Monday, April 28, 2008

The New Wolf Packs

Ominous forebodings are in store for the surface navy, according to this in a continuing series by Martin Sieff:

The Nazi wolf packs were faster than slow-moving convoys of
cargo ships, however, when they surfaced. So wolf pack attacks were not launched
from underwater, or by day. They were carried out on the surface of the Atlantic
by night. The aim was to have so many submarines that they could overwhelm the
smaller number of surface escort warships protecting the merchant

The new tactical concept of the Chinese wolf pack that could
threaten U.S. aircraft carrier task forces in coming years, however, is very
different. Modern diesel-electric submarines can stay underwater for long
periods of time and can travel fast in spurts of speed, though they don't have
the endurance of nuclear-powered subs. That speed means they don't have to
surface where they would be easy targets for carrier-launched aircraft. And they
don't have to await for any attack by night either.

But the new U-boats are out for larger prey than slow-moving merchantmen:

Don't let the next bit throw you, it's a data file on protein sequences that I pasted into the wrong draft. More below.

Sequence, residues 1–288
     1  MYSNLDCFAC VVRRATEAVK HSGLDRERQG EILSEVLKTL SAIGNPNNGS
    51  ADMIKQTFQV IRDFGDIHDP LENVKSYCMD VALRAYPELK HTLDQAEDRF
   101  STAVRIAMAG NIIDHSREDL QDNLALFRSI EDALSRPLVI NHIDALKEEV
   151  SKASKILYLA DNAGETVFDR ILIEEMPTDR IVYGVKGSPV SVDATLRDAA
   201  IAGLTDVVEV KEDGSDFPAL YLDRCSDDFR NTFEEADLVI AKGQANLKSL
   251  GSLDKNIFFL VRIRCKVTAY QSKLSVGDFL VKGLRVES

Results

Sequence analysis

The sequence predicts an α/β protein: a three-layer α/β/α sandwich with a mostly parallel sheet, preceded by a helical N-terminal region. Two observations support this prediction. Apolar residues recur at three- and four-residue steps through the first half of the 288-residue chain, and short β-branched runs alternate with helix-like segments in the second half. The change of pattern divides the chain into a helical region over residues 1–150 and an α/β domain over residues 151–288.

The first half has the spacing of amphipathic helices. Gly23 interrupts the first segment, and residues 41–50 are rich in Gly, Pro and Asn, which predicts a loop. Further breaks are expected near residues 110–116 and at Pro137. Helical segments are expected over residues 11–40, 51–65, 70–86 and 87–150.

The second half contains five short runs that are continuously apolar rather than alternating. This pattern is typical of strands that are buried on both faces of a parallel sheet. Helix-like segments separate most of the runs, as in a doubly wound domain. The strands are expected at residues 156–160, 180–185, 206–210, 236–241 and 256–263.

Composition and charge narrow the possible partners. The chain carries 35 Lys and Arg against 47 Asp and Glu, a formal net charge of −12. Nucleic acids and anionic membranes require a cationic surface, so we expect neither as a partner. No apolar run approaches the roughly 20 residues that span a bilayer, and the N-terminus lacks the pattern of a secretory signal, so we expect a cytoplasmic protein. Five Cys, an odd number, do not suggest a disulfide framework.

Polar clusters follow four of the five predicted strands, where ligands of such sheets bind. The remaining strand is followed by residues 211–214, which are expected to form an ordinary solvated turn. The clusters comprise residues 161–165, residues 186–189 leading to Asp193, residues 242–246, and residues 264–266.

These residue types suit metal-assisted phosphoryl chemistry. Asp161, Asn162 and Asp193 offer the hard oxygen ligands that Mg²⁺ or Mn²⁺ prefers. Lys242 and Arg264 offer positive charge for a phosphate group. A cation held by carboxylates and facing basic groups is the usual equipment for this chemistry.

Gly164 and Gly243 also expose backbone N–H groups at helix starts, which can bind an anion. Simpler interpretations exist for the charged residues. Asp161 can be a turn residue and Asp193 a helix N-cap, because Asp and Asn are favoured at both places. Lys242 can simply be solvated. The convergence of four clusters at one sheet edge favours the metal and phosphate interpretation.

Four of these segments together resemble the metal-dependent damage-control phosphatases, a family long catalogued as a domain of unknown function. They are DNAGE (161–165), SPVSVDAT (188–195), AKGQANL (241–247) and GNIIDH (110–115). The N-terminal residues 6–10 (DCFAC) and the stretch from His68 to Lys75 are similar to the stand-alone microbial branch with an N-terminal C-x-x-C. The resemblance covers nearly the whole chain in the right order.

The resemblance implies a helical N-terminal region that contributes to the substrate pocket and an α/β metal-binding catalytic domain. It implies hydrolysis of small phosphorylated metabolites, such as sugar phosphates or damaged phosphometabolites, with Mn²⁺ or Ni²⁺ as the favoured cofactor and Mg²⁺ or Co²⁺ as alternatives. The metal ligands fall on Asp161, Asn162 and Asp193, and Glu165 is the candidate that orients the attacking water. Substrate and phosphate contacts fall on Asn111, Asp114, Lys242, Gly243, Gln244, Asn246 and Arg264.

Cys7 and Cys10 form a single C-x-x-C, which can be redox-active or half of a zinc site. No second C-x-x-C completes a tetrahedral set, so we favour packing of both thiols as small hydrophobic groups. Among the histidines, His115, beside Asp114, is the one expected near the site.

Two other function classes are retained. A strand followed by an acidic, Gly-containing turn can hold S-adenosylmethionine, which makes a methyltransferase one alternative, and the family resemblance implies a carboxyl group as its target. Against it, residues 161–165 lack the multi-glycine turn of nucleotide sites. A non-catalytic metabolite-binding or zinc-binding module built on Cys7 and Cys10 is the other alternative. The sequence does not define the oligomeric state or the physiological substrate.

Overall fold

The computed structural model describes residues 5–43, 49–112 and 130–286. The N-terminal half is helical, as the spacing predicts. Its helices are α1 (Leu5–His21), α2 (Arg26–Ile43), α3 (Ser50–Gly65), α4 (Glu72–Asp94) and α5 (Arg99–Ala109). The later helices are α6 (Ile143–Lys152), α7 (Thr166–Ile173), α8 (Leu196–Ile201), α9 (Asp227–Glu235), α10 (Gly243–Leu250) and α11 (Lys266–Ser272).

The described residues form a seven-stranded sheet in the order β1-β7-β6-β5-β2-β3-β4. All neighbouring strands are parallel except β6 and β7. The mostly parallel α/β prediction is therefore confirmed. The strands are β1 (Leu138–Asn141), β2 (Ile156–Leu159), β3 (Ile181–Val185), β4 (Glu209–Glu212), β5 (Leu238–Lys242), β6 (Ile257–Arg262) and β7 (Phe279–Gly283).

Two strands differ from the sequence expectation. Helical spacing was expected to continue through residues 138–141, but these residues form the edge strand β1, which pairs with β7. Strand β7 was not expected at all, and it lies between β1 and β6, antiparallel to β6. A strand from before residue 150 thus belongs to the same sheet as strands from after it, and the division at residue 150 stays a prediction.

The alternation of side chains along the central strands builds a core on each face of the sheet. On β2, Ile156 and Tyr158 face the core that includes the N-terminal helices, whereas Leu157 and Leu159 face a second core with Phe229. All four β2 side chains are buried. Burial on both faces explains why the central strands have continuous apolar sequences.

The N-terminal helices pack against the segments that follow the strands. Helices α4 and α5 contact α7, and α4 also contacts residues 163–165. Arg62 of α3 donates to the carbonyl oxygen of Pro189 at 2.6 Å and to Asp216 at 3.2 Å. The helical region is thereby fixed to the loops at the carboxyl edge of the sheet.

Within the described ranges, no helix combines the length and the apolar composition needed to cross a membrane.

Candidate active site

...their goal wouldn't be to just sink cargo ships like the German
Kriegsmarine subs of World War II...They would be out to kill 90,000 ton
nuclear-powered super-aircraft carriers.

This is why I doubt the logic of current navy planners to place all of our expensive and vulnerable eggs: giant carriers, super destroyers, amphibious assault carriers into so few and highly vulnerable platforms. While modern warships are far more capable than ever before, this doesn't mean they are any more unsinkable than the US battle fleet at Pearl Harbor.

To combat a similar enemy surface fleet in a future war at sea, or attack a Third World power which possesses little or no navy, I think we are well prepared. But the former no longer exists, and it is doubtful we can count on all our enemies sitting idly by while our unmatched fleet cruises leisurely off their coastlines, not while modern precision weapons fired from inexpensive d/e subs might offer them an effective counterweight.